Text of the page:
9. While the program is running, two yellow boxes should appear in the "History" frame at the right of the Galaxy Window. After completion of the job, the boxes will be colored in green. The first box contains an HTML page with links to the results in various formats. The second box contain a BED file with the coordinates of the peaks. How many peaks ("regions") were detected by MACS ?

  10. Once the result is available, click on the pencil to change the information. Rename the dataset (e.g. Oct4 peaks from MACS).

  11. Optionally, you can upload the peak coordinates to the UCSC genome browser to visualize them on the mouse chromosomes. For this, you can simply click on the link display at UCSC main in the green box Oct4 peaks from MACS of the History frame.


In the protocol above, we used the simplest approach to detect peaks with MACS: we entered a single file (the "test" reads) and adapted some parameters to the particularity of our experiment (e.g. genome size, tag size).

Some peak-calling programs (including MACS) allow users to submit a second set of reads as control. Typical controls are "mock" datasets, i.e. genomic sequences obtained from a non-immunoprecipitated protein, or genomic DNA. In Chen's experiment, the control consisted in performing the ChIP-seq with the Green Fluorescent Protein (GFP) instead of a transcripiton factor.

  1. Compute peaks with MACS, using the Oct4 reads as test dayaset, and the GFP experiment as control. Compare the number of peaks with the result of Oct4 when no control set was provided.
  2. Run the MACS peak-calling procedure using GFP as test dataset, and no dataset as control. Count the number of peaks. Does it correspond to your expectation ?

Retrieving peak sequences with Galaxy

The Galaxy Web server allows to quickly retrieve sequences from a coordinate file (eg. BED file). The coordinates can be provided in various forms:

Option A: retrieving sequences from the peak identified by MACS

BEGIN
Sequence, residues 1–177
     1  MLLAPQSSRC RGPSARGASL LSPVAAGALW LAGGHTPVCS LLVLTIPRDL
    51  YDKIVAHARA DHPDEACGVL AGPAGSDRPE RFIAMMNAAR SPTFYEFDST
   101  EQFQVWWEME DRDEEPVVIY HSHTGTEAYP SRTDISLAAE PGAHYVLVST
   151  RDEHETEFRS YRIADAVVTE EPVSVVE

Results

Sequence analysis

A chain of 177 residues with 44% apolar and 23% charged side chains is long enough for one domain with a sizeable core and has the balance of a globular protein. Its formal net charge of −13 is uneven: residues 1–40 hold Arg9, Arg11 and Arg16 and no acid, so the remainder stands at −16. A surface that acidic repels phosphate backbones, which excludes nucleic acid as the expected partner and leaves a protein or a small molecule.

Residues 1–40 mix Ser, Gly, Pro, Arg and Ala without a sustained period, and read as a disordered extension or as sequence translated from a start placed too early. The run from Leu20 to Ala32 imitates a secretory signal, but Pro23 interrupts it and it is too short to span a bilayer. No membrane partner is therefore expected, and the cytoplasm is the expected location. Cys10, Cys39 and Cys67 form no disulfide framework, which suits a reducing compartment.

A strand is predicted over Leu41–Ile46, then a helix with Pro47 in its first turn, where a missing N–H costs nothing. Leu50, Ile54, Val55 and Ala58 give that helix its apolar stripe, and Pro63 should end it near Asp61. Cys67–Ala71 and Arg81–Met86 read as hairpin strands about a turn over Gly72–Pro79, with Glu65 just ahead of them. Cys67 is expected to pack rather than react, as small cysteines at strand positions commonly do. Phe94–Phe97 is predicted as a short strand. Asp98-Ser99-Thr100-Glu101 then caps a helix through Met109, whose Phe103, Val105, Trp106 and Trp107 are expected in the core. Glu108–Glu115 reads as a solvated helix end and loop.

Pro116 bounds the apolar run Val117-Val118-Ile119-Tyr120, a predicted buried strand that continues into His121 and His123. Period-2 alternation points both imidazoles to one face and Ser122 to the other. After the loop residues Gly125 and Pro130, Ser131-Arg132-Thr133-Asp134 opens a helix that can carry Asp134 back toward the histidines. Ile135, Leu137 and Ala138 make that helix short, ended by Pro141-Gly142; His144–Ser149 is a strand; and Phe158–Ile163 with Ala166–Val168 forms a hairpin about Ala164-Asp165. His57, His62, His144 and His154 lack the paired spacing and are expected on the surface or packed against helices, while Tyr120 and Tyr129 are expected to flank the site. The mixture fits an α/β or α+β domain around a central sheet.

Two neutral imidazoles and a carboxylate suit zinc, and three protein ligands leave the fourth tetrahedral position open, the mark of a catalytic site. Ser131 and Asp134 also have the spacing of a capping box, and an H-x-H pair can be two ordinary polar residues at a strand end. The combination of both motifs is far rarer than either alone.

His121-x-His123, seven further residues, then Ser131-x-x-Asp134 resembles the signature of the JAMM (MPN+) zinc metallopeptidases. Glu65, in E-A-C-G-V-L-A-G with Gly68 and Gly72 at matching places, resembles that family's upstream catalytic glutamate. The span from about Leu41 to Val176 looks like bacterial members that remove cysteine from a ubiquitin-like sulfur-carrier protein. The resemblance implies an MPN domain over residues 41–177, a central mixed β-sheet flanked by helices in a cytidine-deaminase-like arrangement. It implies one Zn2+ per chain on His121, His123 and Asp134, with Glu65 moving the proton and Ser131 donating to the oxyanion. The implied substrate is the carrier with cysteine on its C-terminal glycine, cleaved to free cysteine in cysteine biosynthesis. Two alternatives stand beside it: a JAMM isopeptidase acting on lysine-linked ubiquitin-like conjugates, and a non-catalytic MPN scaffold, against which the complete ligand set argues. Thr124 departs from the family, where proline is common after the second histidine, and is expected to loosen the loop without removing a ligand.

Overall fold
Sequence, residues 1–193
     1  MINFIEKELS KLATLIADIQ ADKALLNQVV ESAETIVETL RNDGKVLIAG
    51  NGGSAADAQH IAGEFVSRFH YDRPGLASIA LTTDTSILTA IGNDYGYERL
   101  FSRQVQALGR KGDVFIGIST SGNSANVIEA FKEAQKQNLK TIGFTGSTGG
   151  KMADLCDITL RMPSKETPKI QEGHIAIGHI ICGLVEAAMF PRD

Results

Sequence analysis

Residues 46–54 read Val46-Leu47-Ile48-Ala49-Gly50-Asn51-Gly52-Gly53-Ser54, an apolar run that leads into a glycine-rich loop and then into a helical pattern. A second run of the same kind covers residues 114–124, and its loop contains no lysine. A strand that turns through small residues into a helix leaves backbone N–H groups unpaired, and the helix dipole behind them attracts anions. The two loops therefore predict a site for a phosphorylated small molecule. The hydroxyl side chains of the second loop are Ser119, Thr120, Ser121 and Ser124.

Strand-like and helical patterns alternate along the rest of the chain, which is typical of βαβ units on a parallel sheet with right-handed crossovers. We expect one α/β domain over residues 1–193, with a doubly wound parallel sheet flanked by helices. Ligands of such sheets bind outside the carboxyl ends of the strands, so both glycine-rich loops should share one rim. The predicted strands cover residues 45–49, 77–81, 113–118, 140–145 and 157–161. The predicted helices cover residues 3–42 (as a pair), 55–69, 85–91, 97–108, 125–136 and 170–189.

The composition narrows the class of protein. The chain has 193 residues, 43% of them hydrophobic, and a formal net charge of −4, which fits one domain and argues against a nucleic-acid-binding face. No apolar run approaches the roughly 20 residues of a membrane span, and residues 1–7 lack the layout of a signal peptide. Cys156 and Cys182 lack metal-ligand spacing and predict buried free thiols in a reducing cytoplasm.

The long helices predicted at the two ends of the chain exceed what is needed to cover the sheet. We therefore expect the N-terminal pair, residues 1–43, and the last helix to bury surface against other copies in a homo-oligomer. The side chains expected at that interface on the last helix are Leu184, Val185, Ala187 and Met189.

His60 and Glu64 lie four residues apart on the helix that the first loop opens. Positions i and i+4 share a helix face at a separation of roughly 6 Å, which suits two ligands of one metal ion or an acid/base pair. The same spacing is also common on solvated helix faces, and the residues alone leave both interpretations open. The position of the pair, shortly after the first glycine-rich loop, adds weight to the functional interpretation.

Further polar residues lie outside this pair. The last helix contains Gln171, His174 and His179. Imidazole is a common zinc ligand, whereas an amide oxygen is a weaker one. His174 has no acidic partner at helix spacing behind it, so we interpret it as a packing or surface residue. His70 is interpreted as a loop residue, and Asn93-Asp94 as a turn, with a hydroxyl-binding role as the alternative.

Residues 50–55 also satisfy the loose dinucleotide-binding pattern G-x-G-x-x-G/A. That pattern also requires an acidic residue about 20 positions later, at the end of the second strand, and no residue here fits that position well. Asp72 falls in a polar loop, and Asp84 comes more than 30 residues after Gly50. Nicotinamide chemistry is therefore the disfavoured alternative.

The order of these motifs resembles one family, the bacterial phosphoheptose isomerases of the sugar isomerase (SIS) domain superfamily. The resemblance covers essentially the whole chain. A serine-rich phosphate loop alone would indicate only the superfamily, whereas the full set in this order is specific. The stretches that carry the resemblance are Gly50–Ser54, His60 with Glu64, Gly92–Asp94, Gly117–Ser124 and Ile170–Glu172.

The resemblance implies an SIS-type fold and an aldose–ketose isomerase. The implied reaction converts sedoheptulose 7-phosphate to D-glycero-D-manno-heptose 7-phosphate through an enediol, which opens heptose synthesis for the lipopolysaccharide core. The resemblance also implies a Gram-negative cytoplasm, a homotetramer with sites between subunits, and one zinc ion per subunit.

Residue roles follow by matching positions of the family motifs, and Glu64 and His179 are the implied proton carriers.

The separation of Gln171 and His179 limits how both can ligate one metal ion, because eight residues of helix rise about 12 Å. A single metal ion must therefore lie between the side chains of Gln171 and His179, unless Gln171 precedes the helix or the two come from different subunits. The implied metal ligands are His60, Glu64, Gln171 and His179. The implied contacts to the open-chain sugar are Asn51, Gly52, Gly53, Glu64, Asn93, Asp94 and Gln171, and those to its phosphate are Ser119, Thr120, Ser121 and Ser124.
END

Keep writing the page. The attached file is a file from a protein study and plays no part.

1. The BED file retrieved in the previous section indicates the chromosomal coordinates of the peaks, but in the next section (motif discovery) we will need to analyze the peak sequences. In the Tools frame at the left iof the Galaxy window, click Fetch Sequences - Extract Genomic DNA. Select the Oct4 peaks from MACS dataset and click Execute.

  2. Once the box become green in the History frame, click on the pencil icon and rename the data set (for example Oct4 peaks from GEO).

  3. Open the green box and click on the disk icon to store the result on your computer (for example in a file Oct4_MAC_peak_sequences.fasta.

You can skip Options B and C.

Option B: retrieving sequences from a bed file stored on your computer

If you dipose of a bed file (e.. produced by a stand-alone peak calling program running on your comptuer), you can upload this bed file to the Galaxy server and proceed as for the Option A.

Option C: retrieving the sequences from the peak coordinates stored in the GEO database

In this section, we will directly upload the peak sequences published by Chen in GEO (the above mentioned "txt" file, which is actually in BED format).

  1. In the menu at the left of the Galaxy page, click Get Data - Upload File.

  2. In the URL/Text box, paste the URL of the Oct4 sample:

  3. In the Genome pop-up menu, select Mouse Feb 2006 (NCBI36/mm8).

    • Tip: the item will be automatically selected if you simply type mm8 after clicking on the pop-up menu.
    • Note: the choice of the genome should be adapted to the particular data set you are analyzing. As indicated in the field "Data processing" of the GEO record GSM288346, Chen's study was performed with the 2006 version of the genome;

  4. Leave the other options to their default value, and click Execute. The upload may take several minutes. When the file will be uploaded, the yellow box on the right side will turn to green.

  5. Click on this box and make sure that the format is BED and the genome is mm8. How many ChIP-seq "regions" are present in this file ?

  6. Click on the disk icon in this box to download this sequence file. Save it on your computer.

Next step

We obtained a sequence file that can now be used as input for motif discovery and TF binding site prediction. For this, we will use the RSAT workflow peak-motifs, whose usage is explained in the protocol peak-motifs: motif detection in full-size datasets of ChIP-seq peak sequences.


Last update: 21 Jan 2012. Suggestions, corrections or information request: Morgane Thomas-Chollier or Jacques van Helden.